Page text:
Ethiopia faces multiple interacting development challenges linked to environmental change and land degradation, which have negative consequences for food security. As a plant diversity hotspot for both wild plants and domesticated crops, Ethiopia harbours biological resources that could play important roles in solving these challenges. UK Research and Innovation, through the Global Challenges Research Fund, are funding a new project collaboration between Royal Botanic Gardens, Kew, and Professor Phil Stevenson at NRI, NRI’s Dr Sarah Arnold and Professor Ben Bennett, and partners in Ethiopia including Professor Sebsebe Demissew, a botanist from Addis Ababa University. The project aims to enable the realisation of the potential of Ethiopia’s abundant and unique plant diversity to address global challenges in food security, health and nutrition, and poverty and displacement.
This new project is part of a ‘Challenge Cluster’ which will conduct research and capacity building to identify and manage areas of high plant diversity, to develop value chains around currently underutilised plants and to critically evaluate the roles that plant diversity can play in addressing development challenges. The crops to be studied include Faba bean (Vicia faba), a legume eaten as a snack and commonly added to stews in Ethiopian cuisine, noug (Guizotia abyssinica) an oilseed, sometimes known as ‘nigerseed’, and enset or the false banana (Ensete ventricosum) which is the principal starch staple for 20 million Ethiopians.
One example of existing activities being undertaken by the project cluster is identifying varieties of enset with high content of the essential micronutrients zinc and iron that can potentially help to address chronic malnutrition. Further crop varieties possessing resilience to climatic stressors and other valuable traits are almost certainly waiting to be discovered. Likewise, genetic diversity within wild relatives is likely to offer useful traits that can be used in crop improvement for more sustainable and resilient agriculture, while rural communities may be able to benefit from economic opportunities and new value chains based on products from areas of high plant diversity.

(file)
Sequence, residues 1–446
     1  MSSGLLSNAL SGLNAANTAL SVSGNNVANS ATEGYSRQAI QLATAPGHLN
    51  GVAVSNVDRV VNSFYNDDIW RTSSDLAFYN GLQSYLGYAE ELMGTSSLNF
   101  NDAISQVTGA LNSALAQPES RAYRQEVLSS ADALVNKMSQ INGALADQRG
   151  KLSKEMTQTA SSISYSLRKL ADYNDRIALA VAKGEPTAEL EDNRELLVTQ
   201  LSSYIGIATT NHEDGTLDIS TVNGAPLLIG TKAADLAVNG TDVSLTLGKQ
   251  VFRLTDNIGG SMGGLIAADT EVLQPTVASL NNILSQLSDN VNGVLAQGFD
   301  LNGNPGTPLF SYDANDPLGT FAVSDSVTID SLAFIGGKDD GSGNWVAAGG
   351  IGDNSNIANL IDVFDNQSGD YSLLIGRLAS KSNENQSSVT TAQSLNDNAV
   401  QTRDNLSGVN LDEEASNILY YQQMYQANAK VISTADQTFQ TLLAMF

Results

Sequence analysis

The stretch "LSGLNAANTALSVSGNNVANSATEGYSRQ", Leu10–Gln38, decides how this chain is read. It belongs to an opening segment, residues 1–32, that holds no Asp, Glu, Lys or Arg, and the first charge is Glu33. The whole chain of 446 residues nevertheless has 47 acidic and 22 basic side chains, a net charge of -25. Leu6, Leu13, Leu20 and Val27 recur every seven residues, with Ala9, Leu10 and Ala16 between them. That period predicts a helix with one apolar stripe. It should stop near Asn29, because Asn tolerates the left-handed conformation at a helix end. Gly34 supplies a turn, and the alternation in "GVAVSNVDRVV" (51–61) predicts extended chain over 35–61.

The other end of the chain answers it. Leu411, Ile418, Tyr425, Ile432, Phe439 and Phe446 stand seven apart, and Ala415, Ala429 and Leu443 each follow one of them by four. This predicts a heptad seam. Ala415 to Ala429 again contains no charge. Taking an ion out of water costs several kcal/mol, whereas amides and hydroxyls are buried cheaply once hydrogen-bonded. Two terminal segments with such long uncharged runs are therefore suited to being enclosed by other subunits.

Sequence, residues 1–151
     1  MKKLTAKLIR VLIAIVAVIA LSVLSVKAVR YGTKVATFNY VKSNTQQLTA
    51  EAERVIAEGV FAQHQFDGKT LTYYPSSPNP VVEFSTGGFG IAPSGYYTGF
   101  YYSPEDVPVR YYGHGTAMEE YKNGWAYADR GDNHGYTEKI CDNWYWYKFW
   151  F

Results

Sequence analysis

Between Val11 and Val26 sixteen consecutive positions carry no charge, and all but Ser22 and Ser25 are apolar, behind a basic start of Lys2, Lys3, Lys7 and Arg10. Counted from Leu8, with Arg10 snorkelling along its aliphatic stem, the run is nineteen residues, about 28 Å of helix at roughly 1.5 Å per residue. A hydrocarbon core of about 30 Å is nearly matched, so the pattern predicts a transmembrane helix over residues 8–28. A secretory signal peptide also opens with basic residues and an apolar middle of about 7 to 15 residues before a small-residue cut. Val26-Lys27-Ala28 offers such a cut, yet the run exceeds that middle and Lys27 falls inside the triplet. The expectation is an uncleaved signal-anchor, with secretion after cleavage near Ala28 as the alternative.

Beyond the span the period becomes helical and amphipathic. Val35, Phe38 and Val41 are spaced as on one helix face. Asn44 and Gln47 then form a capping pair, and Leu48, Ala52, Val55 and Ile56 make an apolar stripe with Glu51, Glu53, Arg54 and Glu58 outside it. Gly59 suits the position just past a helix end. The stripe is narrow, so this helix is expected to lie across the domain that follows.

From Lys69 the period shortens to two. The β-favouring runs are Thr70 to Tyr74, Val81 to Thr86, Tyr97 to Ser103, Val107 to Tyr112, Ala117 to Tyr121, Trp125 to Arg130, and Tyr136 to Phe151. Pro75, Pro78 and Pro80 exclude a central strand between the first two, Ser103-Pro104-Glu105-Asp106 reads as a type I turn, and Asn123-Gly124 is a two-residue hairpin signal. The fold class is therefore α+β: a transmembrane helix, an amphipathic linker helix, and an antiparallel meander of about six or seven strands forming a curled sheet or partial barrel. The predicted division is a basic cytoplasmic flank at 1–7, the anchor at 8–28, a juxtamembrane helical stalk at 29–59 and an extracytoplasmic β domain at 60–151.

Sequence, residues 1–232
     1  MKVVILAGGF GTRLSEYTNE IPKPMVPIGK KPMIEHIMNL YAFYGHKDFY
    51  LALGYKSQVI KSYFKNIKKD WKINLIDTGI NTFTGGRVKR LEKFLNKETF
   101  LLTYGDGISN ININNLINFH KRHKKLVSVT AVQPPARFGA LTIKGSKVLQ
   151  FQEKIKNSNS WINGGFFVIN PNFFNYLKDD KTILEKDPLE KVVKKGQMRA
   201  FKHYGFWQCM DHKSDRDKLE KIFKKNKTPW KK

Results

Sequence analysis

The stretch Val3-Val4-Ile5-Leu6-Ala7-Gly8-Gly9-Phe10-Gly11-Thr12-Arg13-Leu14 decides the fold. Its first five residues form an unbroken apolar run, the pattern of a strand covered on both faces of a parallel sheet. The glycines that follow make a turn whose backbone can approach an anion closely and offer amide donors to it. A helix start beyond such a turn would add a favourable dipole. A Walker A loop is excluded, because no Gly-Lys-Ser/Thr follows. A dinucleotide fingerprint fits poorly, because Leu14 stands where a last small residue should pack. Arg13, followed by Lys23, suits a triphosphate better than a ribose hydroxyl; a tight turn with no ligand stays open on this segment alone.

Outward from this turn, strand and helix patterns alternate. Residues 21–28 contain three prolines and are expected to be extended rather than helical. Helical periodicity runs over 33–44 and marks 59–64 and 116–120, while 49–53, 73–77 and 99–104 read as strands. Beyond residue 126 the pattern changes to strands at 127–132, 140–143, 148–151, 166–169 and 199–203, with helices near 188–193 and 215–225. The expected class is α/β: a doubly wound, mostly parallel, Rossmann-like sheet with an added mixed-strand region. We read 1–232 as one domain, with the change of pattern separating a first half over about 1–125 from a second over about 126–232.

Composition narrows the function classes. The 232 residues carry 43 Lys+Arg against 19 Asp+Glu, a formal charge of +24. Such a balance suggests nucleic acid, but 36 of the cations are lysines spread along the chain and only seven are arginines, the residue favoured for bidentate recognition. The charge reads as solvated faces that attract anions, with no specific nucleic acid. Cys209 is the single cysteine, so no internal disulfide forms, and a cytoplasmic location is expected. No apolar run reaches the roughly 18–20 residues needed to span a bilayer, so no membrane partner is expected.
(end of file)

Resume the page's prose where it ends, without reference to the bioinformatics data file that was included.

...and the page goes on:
Professor Phil Stevenson and Dr Sarah Arnold will develop approaches to measure the ecosystem services of pollination and natural pest regulation associated with important areas of plant diversity to help understand the benefits and trade-offs of plant diversity on food production. Professor Ben Bennett will focus on the socio-economic impacts of areas of high wild and domesticated plant diversity to inform their sustainable and equitable management, evaluate associated plant-product value chains and their roles in addressing broader local and regional development challenges.
As wild and domesticated plant diversity is lost to the conversion and degradation of natural habitats and the homogenisation of agricultural landscapes, the opportunity to apply Ethiopia's indigenous plant diversity to address development challenges is rapidly diminishing. The research in this project is urgently needed to identify and manage the most important remaining hotspots of Ethiopian plant diversity.
This project builds on over 30 years of successful collaborations between Kew and NRI, and between the UK and an extensive network of Ethiopian partner universities, institutes and communities. It seeks to urgently identify and manage the most important remaining hotspots of Ethiopian plant diversity, whilst building an evidence base for the botanical and ecosystem service benefits that these hotspots can provide to local communities and Ethiopia as a whole.
This award is one of over 140 projects, across 18 calls, that form the UKRI GCRF Collective Programme, designed to enhance the overall impact across UKRI’s six strategic GCRF Challenge portfolios in global health, education, sustainable cities, food systems, conflict and resilience. Research across these is contributing to realising the ambitions of the UK Government’s aid strategy and progressing the United Nation’s Sustainable Development Goals (SDGs).